Tips for finding the grain to focus on (w/ Fuji X-E4 / Nikkor 55mm f3.5 Ai / PK-13 extension tube)

Hi there,

I’m wondering if there are any specific tips for finding perfect focus on the film grain. I use a Fuji X-E4 (APS-C) with the Micro-Nikkor 55mm f3.5 Ai adapted along with the PK-13 adapter. The camera is mounted on a Negative Supply copy stand, and the film is run through the 35mm basic holder on top of their 99 CRI light source.

I’ve enabled focus peaking (Yellow, High) and it just seems so damn difficult to find that “perfect focus” on the film grain. I can’t tell if I move the focus a little one way or the other what’s more “accurate” in comparison tests I’ve run. Am I overthinking it? When do I know when it’s “good enough”? Where should I be looking in an image to find the best grain to focus on? The highlights or the shadows (aka, the denser part of the negative or vice versa)?

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Be sure emulsion faces the sensor. That puts the image directly in front of the lens. If film base faces lens, it acts as mild diffusion and softens the image.

Might be a stupid question, but how do I know which side is the Emulsion side? If I can read “Ilford HP5+” or the image numbers for example, is that the emulsion side?

Looking from the emulsion side the edge signing (‘Ilford’ etc) will be like mirror writing. The emulsion side is also less shiny.

Midtones are generally best for focusing. The brighter the light the easier it is. With a good lens (the micro Nikkor is one) focus doesn’t shift as you stop down so focus wide open & stop down for the exposure. You’ll be lucky if you find that the focus in the centre is the same as at the corners but that’s life. F8 is generally best but do your own tests.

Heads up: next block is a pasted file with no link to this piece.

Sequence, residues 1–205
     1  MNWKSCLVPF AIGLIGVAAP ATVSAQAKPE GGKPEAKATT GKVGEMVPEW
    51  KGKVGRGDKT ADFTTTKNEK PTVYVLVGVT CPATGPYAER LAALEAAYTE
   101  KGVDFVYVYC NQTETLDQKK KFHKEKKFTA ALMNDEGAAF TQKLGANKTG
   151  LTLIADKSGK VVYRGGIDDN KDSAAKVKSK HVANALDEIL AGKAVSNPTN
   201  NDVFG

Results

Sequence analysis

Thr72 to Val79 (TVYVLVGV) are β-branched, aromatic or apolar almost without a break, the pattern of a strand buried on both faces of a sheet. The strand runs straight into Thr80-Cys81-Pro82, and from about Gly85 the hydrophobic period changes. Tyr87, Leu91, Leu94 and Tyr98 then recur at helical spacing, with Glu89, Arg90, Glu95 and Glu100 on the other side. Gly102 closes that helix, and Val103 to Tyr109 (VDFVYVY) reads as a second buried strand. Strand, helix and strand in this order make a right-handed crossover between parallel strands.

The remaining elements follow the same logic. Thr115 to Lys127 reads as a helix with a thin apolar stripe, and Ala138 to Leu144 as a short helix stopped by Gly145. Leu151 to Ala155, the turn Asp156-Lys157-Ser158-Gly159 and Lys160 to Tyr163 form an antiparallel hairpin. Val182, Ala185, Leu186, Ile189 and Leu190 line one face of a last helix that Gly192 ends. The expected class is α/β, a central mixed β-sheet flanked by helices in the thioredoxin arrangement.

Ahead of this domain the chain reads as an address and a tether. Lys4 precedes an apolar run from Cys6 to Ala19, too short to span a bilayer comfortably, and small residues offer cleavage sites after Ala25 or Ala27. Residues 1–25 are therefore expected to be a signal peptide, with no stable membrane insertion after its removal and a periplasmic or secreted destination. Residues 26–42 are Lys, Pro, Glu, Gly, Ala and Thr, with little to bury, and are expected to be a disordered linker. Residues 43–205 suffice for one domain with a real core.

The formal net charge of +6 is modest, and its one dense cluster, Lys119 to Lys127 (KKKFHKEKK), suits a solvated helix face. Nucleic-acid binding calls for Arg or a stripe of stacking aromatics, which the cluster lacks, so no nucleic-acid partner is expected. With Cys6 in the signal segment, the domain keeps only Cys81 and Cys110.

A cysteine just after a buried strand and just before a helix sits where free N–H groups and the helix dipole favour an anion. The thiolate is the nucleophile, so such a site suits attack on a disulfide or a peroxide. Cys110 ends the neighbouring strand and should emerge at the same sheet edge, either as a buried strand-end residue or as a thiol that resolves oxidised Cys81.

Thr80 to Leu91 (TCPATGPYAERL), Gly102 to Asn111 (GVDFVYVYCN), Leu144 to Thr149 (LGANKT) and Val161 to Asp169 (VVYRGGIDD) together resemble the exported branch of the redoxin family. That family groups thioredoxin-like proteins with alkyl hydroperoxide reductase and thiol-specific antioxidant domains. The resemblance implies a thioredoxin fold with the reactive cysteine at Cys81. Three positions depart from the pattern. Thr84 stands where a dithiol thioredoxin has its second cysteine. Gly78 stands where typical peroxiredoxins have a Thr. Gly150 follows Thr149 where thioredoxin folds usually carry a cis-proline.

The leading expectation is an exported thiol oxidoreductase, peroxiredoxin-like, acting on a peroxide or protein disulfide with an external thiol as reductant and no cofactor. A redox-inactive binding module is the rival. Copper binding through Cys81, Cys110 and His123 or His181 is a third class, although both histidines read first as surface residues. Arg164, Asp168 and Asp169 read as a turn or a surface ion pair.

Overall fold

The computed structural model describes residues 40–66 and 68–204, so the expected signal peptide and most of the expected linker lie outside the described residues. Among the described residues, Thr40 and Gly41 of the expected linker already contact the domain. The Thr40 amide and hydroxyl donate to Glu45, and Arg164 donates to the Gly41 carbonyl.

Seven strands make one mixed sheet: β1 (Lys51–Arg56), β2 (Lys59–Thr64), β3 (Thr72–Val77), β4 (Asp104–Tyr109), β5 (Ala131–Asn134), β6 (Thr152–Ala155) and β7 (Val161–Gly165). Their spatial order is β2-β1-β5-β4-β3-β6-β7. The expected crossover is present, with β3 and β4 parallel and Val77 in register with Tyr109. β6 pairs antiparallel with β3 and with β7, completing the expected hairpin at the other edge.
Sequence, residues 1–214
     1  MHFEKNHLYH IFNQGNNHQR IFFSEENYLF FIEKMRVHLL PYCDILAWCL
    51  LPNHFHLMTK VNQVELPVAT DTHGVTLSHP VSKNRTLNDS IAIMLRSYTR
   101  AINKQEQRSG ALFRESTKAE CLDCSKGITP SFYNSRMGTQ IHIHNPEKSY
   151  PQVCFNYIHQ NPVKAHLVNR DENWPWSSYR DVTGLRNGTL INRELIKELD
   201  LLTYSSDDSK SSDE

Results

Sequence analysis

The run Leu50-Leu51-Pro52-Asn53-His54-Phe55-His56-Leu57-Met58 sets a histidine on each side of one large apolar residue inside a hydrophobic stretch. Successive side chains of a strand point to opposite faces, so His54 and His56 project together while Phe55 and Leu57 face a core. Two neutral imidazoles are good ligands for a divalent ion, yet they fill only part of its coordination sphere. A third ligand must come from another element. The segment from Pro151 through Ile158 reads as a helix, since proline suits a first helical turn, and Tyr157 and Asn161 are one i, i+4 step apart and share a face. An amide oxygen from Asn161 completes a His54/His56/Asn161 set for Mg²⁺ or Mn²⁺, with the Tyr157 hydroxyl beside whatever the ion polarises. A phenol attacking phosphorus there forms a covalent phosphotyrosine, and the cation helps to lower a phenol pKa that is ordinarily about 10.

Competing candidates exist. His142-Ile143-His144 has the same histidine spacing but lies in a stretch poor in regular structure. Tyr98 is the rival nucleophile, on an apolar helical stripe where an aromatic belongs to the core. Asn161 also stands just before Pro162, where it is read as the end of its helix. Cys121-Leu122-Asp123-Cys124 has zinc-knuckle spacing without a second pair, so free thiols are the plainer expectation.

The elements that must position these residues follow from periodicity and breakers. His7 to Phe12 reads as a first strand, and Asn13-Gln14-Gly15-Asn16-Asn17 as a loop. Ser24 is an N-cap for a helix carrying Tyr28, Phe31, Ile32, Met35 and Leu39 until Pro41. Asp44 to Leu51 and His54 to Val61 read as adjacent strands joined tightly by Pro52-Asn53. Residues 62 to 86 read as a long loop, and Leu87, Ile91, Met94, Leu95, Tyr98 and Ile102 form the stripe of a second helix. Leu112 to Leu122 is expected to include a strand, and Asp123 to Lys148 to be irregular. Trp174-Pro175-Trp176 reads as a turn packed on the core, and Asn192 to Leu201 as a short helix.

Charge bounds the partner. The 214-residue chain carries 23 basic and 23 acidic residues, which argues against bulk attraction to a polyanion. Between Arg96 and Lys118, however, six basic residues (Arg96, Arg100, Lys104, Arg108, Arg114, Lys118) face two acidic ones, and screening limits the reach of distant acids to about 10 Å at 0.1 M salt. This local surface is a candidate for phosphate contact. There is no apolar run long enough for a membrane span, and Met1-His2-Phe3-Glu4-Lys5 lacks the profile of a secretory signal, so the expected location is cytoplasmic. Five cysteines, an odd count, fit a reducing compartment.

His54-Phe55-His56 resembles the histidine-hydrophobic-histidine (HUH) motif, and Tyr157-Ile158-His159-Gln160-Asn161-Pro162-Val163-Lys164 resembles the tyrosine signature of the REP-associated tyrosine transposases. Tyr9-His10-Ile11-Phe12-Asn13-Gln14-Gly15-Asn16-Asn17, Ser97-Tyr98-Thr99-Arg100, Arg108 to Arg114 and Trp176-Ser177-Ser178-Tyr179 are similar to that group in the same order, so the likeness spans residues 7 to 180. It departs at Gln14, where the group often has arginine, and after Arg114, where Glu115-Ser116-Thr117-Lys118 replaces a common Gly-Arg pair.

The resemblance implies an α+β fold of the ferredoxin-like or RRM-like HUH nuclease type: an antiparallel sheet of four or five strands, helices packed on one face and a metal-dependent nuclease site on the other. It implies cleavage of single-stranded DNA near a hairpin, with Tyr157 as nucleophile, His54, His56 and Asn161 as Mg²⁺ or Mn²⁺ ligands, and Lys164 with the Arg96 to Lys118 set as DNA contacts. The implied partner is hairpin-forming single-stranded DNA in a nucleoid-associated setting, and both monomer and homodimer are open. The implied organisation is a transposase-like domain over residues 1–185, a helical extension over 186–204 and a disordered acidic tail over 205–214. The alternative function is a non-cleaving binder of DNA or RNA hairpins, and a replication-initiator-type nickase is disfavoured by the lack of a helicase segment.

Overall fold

I’m using autofocus on my setup and it’s quick and precise.

Adding to the above comments, if you can, set up your duping so you are focusing by moving the camera as a whole unit forward and backward toward the negative. You will see grain is much easier to lock onto than by adjusting the lens barrel alone. A micrometer driven close-up slider will make this easier. You can pick one of these up for around $100.00 if you don’t already have a way to do this. With this approach, the lens focus position is set for the magnification desired and focus is achieved moving the whole camera a little forward or backwards in relation to the film. Also have your live view on the back at least at 100% to confirm focus; if you can, go to 200% for spot checks. You can check your alignment by focusing a quarter of the way in from one edge and then shifting your live view to the opposite side to compare. Getting exact plano parallel alignment is the trickiest part of a set up such as you describe and it’s worth the effort to put the time in adjusting your setup until you get it right. Then it becomes much easier for all the other duping you do in the future.

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Moving the whole camera +lens assembly as a whole rather then focusing with lens is the very good advice. The reproduction scale is maintained and focus behave more “natural” and precise.


That target may be of help